The Kigali Amendment to the Montreal Protocol on phasing down HFCs will enter into force on 1 January 2019 after surpassing the required ratification threshold.
The Kigali Amendment to the Montreal Protocol, a landmark international agreement to phase down the production and use of HFCs, is poised to enter into force after it was ratified by Sweden and Trinidad & Tobago yesterday. That meets the threshold for the treaty to come into effect on the earliest possible date: 1 January 2019.
The Kigali deal stipulated that the treaty would enter into force on 1 January 2019 provided it had been ratified by at least 20 parties to the Montreal Protocol. Sweden and Trinidad & Tobago bring the deal over that threshold following formal ratification by six other countries earlier this week: Finland, the Lao People’s Democratic Republic (Laos), Luxembourg, the Maldives, Slovakia and the United Kingdom. Canada ratified the Kigali Amendment on 3 November.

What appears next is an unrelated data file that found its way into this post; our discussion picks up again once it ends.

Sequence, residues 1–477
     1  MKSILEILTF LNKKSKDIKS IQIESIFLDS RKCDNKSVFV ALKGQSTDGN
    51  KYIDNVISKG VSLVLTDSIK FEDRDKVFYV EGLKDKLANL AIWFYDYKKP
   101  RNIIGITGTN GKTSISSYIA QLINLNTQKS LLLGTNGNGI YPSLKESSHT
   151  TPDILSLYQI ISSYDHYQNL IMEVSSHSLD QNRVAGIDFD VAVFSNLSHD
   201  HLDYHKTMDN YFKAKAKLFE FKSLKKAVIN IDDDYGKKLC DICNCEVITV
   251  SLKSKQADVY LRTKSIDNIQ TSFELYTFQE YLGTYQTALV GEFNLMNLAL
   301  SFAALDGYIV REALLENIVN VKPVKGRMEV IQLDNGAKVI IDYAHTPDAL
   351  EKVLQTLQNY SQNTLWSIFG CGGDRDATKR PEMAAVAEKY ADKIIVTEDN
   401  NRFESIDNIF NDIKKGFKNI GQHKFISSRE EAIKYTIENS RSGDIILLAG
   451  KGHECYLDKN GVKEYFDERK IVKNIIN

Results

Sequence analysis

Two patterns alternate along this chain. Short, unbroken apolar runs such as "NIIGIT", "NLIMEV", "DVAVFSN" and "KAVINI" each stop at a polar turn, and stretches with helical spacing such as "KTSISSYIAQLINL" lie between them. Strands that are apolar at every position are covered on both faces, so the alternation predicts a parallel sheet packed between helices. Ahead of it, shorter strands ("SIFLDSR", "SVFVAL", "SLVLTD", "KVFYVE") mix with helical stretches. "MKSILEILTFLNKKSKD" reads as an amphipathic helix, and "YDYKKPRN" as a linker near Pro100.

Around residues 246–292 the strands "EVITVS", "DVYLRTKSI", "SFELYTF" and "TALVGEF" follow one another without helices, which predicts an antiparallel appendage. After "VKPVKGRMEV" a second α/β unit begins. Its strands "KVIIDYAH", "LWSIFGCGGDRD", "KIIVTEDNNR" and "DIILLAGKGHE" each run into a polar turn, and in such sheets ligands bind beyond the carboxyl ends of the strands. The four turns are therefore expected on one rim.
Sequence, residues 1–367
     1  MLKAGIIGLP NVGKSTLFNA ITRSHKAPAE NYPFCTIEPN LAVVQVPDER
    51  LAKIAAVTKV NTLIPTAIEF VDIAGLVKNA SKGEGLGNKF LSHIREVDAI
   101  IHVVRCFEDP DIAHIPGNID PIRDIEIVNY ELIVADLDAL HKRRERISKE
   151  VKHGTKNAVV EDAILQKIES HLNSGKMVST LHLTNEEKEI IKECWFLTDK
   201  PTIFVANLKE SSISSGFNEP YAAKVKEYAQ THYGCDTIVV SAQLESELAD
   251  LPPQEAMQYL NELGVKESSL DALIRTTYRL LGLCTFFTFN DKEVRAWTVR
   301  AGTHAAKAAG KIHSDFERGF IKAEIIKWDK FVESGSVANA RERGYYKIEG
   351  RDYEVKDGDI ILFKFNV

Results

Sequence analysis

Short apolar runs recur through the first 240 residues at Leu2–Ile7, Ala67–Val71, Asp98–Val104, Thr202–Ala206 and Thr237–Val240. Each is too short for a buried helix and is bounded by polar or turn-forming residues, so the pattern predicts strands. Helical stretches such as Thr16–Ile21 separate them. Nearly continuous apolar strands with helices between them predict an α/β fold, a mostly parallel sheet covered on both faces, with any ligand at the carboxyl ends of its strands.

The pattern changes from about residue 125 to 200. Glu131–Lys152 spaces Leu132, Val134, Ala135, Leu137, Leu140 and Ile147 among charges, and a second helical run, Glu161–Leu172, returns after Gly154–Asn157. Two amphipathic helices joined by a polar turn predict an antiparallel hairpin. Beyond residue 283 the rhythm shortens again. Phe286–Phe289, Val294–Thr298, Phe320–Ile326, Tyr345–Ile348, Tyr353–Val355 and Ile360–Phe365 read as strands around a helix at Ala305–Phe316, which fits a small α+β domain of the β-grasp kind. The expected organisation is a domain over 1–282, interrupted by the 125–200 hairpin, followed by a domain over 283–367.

The Kigali Amendment – which applies to all 197 Parties to the Montreal Protocol – only becomes legally binding for individual signatories once they have formally ratified it. A complete list of ratifications is available here.
HFCs are widely seen as the world’s fastest-growing climate pollutant and are used in air conditioners and refrigerators. Kigali sees developed countries take the lead on phasing down these potent greenhouse gases, starting with a 10% reduction in 2019 and delivering an 85% cut in 2036 (compared to the 2011-2013 baseline).
Developing countries are split into two groups. The first one – which includes China and African nations – will freeze consumption of HFCs by 2024, with their first reduction steps starting in 2029. A second group including India, Iran, Iraq, Pakistan and the Gulf countries will meet a later deadline, freezing their use of these gases in 2028 and reducing consumption from 2032.
Clear market signal
The imminent entry into force of the Kigali deal establishes a clear HFC phase-down schedule, giving a strong message to the HVAC&R sector to provide the technology solutions – including natural refrigerant-based equipment – that will deliver the Kigali targets.